posted by janey47 at 8:33 AM on October 17, 2017 [4 favorites]

Best answer: Your question reminds me of a number of wonderful people I know.

The most fulfilled among them seem to have these things in common:

An unreserved passion for at least one hobby or pastime, and little regard for whether someone else might find it silly;

A love of learning, and a willingness to try new things that make them nervous;

A community (or three) that gives them a sense of belonging -- faith, art, sport, political, academic, or whatever suits them.
posted by armeowda at 8:34 AM on October 17, 2017 [31 favorites]

Best answer: Volunteering & travel were my big life changing experiences.

But a small one, that sound strange as hell when I write it down, is learning to play D&D. I have made great friends playing over the years (going to the wedding of a couple we met playing this weekend in fact). I also took up DMing and the feeling of telling a story with a group of other people is an amazing one & hard to explain. I imagine it's a lot like singing in a choir (something else you might like to try), that feeling of making something amazing but temporary because everyone worked together. Oh and you end up with all these "adventures" you feel like you've been on. My weekly game is the highlight of my week. Like I said I know it's silly, but its worked for me a the people we play with for the past 4 years or so.
posted by wwax at 8:53 AM on October 17, 2017 [4 favorites]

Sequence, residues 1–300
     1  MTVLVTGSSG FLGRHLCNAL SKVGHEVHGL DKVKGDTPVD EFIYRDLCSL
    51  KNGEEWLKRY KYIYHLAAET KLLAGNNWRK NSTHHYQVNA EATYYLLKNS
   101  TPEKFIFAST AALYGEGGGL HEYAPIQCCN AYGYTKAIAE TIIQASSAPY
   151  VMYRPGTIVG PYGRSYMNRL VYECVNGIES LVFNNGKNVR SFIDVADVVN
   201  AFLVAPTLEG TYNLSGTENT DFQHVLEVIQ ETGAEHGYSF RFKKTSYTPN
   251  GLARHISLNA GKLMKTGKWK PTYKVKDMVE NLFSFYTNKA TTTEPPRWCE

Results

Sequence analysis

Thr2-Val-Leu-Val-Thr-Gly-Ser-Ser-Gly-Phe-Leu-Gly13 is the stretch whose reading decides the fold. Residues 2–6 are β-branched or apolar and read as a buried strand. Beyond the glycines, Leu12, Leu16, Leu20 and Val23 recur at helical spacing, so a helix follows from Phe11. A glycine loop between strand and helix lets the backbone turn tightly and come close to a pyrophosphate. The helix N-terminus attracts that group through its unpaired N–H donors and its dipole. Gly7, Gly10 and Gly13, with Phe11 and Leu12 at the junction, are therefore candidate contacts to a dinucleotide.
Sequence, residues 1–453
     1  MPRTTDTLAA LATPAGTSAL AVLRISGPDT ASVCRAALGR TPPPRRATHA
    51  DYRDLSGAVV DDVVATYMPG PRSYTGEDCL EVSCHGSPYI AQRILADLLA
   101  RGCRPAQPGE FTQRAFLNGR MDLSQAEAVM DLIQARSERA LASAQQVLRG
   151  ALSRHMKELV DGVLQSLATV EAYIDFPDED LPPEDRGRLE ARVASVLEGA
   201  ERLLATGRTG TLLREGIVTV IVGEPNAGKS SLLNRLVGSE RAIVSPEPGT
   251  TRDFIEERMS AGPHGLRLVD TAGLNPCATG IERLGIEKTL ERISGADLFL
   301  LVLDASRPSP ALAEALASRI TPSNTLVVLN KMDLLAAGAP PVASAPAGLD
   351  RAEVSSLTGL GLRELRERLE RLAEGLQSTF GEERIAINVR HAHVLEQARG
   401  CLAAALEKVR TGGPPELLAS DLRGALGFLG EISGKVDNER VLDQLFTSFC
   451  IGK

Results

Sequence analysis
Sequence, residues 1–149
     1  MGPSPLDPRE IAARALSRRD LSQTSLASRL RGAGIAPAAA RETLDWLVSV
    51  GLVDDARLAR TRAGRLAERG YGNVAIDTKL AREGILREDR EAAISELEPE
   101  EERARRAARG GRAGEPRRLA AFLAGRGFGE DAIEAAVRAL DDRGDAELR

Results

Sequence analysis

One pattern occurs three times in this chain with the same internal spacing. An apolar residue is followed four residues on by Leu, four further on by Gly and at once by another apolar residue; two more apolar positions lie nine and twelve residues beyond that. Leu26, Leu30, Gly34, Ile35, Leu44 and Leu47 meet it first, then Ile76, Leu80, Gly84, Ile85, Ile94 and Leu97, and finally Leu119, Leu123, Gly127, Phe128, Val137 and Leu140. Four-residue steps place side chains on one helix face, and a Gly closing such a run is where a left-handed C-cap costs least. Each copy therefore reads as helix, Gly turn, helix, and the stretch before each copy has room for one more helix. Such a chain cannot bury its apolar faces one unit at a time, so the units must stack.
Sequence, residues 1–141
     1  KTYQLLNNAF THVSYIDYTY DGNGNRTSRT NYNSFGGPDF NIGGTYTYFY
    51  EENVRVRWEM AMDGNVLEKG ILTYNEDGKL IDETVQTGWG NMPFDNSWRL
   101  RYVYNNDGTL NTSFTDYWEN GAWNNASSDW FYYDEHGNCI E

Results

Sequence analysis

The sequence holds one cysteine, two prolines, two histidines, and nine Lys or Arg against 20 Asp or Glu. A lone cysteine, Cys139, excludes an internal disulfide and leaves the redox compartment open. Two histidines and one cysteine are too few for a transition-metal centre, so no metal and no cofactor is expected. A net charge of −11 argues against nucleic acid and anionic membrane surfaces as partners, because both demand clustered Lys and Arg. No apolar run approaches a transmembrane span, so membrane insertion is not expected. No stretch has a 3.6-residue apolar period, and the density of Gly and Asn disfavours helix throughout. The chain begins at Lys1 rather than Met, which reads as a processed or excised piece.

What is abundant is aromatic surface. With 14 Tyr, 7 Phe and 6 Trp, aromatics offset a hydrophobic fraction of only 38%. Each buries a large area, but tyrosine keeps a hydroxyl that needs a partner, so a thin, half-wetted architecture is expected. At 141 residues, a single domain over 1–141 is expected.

Best answer: Easy one.

Meditation. Any practice is good, but fwiw this is the most stripped-down, non-joiny, non-mythologized do-it-yourself method I've ever found (I'd avoid the forum and, generally, the greater "program" only need meditation plus, perhaps, pranayama).

Meditation not only brings the fulfillment/joy/love (eventually; first comes stress relief, focus, and clarity). It also eventually immerses you in the source material behind all specific experiences of love, including romantic. I realize that's a bit crunchy, conceptually, but it's an experience rather than a concept, and a great many people over the centuries report that experience. The open, earnest, warm tone of your posting makes me suspect you're well-suited for it.

Many people would say you're hoping to sublimate your sexuality. If you take up knitting or mountain biking as a substitute, I'd agree (though they're fine things to do, so why not do lots of fun things?). But, to paraphrase a famous quote, "Spiritual joy is not sublimated sexuality; sexuality is repressed spiritual joy."

And here's the thing. In so doing, you may also find that you complete the circle. By opening yourself, via meditation (or service to others, or just a really heartfelt attitude to whatever you do) to love as a greater, more general thing, you may find it much easier to, almost accidentally, slip into specific romantic love. See this.
posted by Quisp Lover at 9:27 AM on October 17, 2017 [10 favorites]

Off road motorcycle riding and racing. Obviously not for everyone, but it's the most fulfilling thing I've ever done.
posted by mollymayhem at 9:29 AM on October 17, 2017